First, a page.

Peter Jaconelli and Jimmy Savile: Latest Developments
The Peter Jaconelli and Jimmy Savile scandal continues to rumble on. The Independent Police Complaints Commission (IPCC) Report into Surrey Police’s handling of an investigation in 2007 to 2009, into sexual offences committed by Jimmy Savile at Duncroft School in Surrey has been published. BBC Report here.
This and another interesting development recently have thrown some light on a current controversy in Scarborough.
Reform of the Independent Police Complaints Commission (IPCC)
As an aside to the main thread of this article, following years of criticism of the IPCC from journalists, complainants, lawyers and its own members, for being ineffective and prejudiced against complainants in favour of the police. (Guardian report here) the IPCC has undergone change. On the 8th of January 2018 it changed its name to the Independent Office for Police Conduct and been reformed under the Policing and Crime Act 2017. Home Office statement giving full details here.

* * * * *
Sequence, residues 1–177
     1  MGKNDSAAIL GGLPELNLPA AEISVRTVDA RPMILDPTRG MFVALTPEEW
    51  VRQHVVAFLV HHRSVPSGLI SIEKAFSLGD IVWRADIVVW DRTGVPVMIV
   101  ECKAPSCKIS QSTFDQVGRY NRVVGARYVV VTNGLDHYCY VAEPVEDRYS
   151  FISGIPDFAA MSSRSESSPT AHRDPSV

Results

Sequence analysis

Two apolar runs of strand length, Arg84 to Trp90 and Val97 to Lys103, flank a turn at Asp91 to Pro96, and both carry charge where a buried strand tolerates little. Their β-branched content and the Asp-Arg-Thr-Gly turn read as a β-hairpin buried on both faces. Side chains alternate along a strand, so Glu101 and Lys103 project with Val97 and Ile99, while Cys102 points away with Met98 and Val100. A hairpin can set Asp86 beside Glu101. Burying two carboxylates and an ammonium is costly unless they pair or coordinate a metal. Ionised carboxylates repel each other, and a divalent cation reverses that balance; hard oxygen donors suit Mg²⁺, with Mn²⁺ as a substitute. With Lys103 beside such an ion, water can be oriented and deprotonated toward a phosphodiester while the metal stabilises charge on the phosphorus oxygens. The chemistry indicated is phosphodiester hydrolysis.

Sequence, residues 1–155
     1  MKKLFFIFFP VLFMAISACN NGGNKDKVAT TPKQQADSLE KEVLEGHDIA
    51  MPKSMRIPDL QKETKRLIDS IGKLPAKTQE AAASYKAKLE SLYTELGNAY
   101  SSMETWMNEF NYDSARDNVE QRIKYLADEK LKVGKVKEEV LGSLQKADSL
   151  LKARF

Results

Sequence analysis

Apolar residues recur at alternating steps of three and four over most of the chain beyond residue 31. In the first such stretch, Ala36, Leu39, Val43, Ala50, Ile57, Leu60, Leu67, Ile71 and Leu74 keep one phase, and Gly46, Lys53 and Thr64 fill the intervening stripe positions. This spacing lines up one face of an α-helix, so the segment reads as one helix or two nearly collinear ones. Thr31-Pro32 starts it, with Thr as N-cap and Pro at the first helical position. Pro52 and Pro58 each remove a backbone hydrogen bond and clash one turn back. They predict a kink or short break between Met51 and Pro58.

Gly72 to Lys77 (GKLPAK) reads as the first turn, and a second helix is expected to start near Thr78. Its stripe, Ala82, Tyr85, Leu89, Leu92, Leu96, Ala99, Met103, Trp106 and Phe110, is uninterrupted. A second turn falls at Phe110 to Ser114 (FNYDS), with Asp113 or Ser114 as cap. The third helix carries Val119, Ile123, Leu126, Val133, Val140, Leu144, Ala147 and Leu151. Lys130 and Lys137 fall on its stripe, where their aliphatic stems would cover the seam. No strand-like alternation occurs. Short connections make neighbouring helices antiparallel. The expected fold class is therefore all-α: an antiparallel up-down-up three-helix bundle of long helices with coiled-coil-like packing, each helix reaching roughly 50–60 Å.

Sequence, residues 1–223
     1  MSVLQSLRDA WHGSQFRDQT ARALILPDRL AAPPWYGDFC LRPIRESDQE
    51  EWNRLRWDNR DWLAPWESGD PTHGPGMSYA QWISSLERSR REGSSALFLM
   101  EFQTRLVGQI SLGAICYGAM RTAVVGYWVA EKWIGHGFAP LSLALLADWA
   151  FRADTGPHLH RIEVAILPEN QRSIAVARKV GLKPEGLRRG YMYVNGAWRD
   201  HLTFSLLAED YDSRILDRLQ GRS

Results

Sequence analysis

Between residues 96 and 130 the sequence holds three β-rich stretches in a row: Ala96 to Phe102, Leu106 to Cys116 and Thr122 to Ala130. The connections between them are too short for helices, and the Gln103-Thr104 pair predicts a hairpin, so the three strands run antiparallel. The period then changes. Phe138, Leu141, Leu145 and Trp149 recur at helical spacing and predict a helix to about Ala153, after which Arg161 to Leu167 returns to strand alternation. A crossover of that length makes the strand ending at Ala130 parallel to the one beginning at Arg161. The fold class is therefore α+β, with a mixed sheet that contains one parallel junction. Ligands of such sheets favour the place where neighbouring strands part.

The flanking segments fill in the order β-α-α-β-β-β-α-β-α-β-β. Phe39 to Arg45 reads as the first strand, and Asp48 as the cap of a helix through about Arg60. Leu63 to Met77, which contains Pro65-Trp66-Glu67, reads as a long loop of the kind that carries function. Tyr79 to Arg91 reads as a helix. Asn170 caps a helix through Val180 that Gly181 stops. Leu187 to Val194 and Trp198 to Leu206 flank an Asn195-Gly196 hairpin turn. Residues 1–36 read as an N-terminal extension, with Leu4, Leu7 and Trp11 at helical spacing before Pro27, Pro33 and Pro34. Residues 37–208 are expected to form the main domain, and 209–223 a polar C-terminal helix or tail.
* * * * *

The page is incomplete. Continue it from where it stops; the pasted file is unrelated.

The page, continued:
This has been part of an ongoing effort to reform the police and improve police discipline initiated by the Prime Minister when she was Home Secretary, following successive police misconduct scandals, in which North Yorkshire Police (NYP) featured prominently. NYE coverage here.
This of course is a source of great satisfaction to the North Yorks Enquirer. We broke the scandal of illegal transfers of funds to NYP Chief Officers. It was our investigation into the Peter Jaconelli and Jimmy Savile paedophile ring that forced the IPCC to quash its report exonerating North Yorkshire Police from any knowledge of Jimmy Savile’s offending. North Yorkshire Police subsequently admitted that Savile and Conservative Mayor Peter Jaconelli had in fact been committing serious offences in Scarborough and Whitby for years, with the full knowledge of the police, which simply ignored all of the complaints. This was arguably the worst investigative failure in the history of the IPCC.